The new Maine Legislature, seen on Wednesday, Dec. 7, 2022, failed to pass a heating aid package proposed by Gov. Janet Mills on Wednesday night. Credit: Robert F. Bukaty / AP

AUGUSTA, Maine – A sweeping package to deliver $450 relief checks to most Mainers and provide more heating aid failed in the Maine Senate on Wednesday night, sinking a $474 million deal that Gov. Janet Mills had negotiated with legislative leaders.

The measure died in the Senate after receiving overwhelming support in the House earlier Wednesday evening in a vote of 125-16.

The measure required the support of two-thirds of members so it could take effect immediately and the state could start distributing aid in time for a winter heating season dominated by spiking energy prices and limited federal heating aid. But the measure garnered only 21 votes in the Senate, short of the 24 required.

Of the Senate’s 22 Democrats, 21 voted in favor, while Sen. Ben Chipman, D-Portland, was excused. Of the Senate’s 13 Republicans, eight voted against the measure while five were excused.

Supporters said the relief package was a life-or-death matter. But opponents on the right argued it was an unprecedented action that would spend hundreds of millions of dollars without going through the Legislature’s typical process, which includes a public hearing and committee deliberations and votes.

Before rejecting the package as a whole, senators had rejected an effort by Republicans to send the measure to the Legislature’s budget-writing appropriations committee.

Senate Minority Leader Trey Stewart, R-Presque Isle, one of the Republicans to vote against the bill, said members of his caucus simply didn’t feel comfortable skipping the process with what he said was a lack of transparency from Democrats, who hold a majority in both legislative chambers.

“There needs to be a hearing on the bill,” Stewart said. “That is going to necessarily involve feedback from the Maine people, which has not yet happened.”

Maine Senate President Troy Jackson, D-Allagash, was doubtful there would be further movement on the bill, especially not before the Legislature reconvenes in January. He noted that there had already been changes to the bill that GOP senators requested. He saw Republicans’ argument about legislative process as a smokescreen for their opposition to something they never wanted to vote for anyway.

“There’s nowhere to move on this,” Jackson said. “The process was not a normal process, but the process was not a normal situation we were in, either.”

Rep. Billy Bob Faulkingham, the House Republican leader who pressed during negotiations for more families to receive the relief checks and supported the final package, said after Wednesday’s Senate vote that he was hopeful that the bill would eventually pass.

He noted the governor could call lawmakers in for a special session.

“House Republicans did our part – we made a commitment to families and workers, and we lived up to that commitment today,” Faulkingham, R-Winter Harbor, said.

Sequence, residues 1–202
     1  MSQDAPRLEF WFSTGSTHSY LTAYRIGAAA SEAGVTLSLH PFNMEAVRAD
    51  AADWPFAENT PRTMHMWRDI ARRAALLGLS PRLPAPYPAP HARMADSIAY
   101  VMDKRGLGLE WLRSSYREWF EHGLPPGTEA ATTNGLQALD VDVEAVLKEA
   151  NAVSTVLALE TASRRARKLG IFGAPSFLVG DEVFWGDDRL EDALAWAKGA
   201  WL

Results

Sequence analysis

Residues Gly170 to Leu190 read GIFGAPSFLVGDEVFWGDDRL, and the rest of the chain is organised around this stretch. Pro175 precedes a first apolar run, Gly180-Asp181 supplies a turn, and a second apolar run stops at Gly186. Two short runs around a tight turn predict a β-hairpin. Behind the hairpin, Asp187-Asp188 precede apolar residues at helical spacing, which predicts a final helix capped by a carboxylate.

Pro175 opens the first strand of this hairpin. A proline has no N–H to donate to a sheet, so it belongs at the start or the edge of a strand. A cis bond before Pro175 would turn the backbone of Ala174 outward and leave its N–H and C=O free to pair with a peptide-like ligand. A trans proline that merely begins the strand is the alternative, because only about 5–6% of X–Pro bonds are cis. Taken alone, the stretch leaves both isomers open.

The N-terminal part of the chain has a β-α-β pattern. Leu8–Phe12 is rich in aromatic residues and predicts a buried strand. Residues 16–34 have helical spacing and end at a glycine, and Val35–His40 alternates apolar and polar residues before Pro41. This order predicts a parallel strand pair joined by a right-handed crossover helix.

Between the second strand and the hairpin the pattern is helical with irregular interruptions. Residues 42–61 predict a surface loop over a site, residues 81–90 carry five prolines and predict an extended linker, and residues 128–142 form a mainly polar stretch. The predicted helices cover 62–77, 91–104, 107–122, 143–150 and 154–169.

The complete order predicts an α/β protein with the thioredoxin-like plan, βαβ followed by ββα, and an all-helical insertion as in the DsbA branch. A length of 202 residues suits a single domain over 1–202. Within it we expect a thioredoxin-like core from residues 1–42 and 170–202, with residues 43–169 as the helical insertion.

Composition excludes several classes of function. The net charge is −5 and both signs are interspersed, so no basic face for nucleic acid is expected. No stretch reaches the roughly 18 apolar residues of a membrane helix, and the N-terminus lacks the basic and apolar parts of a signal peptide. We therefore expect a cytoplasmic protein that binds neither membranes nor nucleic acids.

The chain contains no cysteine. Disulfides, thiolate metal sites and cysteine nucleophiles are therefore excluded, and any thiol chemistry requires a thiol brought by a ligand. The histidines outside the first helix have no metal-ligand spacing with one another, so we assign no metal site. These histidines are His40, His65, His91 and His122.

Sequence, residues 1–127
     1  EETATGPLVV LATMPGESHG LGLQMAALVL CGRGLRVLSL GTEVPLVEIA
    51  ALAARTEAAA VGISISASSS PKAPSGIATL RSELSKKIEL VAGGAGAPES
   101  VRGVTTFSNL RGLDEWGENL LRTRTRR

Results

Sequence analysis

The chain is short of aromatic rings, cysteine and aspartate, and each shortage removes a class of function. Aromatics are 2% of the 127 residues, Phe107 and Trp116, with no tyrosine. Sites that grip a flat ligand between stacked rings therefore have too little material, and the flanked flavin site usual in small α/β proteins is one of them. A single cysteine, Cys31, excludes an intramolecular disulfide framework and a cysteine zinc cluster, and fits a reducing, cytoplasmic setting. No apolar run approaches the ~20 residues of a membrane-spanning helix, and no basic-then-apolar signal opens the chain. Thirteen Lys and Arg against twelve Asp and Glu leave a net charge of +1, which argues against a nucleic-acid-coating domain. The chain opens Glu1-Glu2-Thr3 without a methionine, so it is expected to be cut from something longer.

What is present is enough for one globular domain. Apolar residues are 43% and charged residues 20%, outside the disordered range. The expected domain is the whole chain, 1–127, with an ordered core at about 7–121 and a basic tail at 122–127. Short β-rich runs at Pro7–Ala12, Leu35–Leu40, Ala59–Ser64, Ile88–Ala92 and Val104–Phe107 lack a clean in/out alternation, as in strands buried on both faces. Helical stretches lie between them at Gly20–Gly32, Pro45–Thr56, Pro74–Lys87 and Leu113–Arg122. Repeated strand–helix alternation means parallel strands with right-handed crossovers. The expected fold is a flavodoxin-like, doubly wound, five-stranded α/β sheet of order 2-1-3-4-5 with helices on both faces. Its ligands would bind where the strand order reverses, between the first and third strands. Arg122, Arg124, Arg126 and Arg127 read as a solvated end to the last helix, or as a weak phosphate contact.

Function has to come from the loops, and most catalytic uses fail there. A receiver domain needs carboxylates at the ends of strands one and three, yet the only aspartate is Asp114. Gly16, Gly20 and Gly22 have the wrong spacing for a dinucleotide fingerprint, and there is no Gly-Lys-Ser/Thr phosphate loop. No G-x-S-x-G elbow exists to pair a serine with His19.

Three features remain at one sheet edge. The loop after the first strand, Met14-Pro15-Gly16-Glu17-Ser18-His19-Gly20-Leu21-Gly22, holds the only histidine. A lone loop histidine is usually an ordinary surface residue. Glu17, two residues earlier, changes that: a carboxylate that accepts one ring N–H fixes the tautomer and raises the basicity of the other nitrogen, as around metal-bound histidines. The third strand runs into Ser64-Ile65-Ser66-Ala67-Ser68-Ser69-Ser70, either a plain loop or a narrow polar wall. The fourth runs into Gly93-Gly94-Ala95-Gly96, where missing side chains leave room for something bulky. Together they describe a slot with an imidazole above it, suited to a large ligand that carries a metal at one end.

Opponents including Sen. Eric Brakey, R-Auburn, recommended that the bill negotiated with Mills go through committee vetting, with the potential for the whole legislature to pass the measure sometime before the holidays.

“The Legislature is established as a separate branch for a reason,” Brakey said.

Supporters were willing to pass a measure they saw as needed despite not going through the customary process.

Rep. Sawin Millett, R-Waterford, a powerful force on budgetary matters in the House, provided a long defense for voting for the bill when it was debated in the House.

“I’m willing to overlook the process for a moment,” Millett said. “I don’t want to come home and say I had an option to do something good and I chose to put it off.”

Jackson gave an impassioned speech for why it should pass. He even said he could support the bill as the person in the room who has had the most fights with Mills.

“Let’s let the campaign go. If you don’t like the chief executive, that’s fine. But nobody threw this on to us,” Jackson said. “This was an opportunity by the administration to do something meaningful for the people of this state.”

The heating aid package was propelled by a state revenue forecast that projected a $280 million budget surplus through mid-2023. It also would have drawn on federal funds for the state.

The cornerstone of the plan would have provided $450 relief checks to Maine taxpayers making up to $100,000, or $900 for couples filing jointly and making up to $200,000. Some 880,000 Mainers would have received checks.

Other components included $40 million for heating assistance for low-income households, $10 million in funds to other households to avert energy crises and $21 million in emergency housing.

Mills placed blame for the measure’s failure on Senate Republicans.

“Tonight, the peoples’ representatives stood on the floor of the peoples’ house and debated the peoples’ business. Counter to the arguments of Senate Republicans, the voices of the people are being heard,” she said in a statement shortly after the measure’s failure. “Unfortunately, it is the peoples’ interests that were not served by tonight’s vote.”

Correction: A previous version of this article misstated the number of Republicans excused from the vote. It was five.